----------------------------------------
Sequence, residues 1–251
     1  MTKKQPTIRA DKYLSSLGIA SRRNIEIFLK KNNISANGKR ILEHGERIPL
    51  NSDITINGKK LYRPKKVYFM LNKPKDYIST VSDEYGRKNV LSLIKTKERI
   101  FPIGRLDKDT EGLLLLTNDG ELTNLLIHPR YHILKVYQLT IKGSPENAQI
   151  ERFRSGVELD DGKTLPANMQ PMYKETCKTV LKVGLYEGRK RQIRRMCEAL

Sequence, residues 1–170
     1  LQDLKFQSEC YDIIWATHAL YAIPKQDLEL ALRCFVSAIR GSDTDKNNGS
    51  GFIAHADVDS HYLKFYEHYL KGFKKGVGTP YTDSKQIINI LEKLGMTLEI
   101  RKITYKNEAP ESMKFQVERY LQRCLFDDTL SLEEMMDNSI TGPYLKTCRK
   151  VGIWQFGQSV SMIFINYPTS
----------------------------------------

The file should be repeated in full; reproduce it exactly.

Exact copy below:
Sequence, residues 1–251
     1  MTKKQPTIRA DKYLSSLGIA SRRNIEIFLK KNNISANGKR ILEHGERIPL
    51  NSDITINGKK LYRPKKVYFM LNKPKDYIST VSDEYGRKNV LSLIKTKERI
   101  FPIGRLDKDT EGLLLLTNDG ELTNLLIHPR YHILKVYQLT IKGSPENAQI
   151  ERFRSGVELD DGKTLPANMQ PMYKETCKTV LKVGLYEGRK RQIRRMCEAL

Sequence, residues 1–170
     1  LQDLKFQSEC YDIIWATHAL YAIPKQDLEL ALRCFVSAIR GSDTDKNNGS
    51  GFIAHADVDS HYLKFYEHYL KGFKKGVGTP YTDSKQIINI LEKLGMTLEI
   101  RKITYKNEAP ESMKFQVERY LQRCLFDDTL SLEEMMDNSI TGPYLKTCRK
   151  VGIWQFGQSV SMIFINYPTS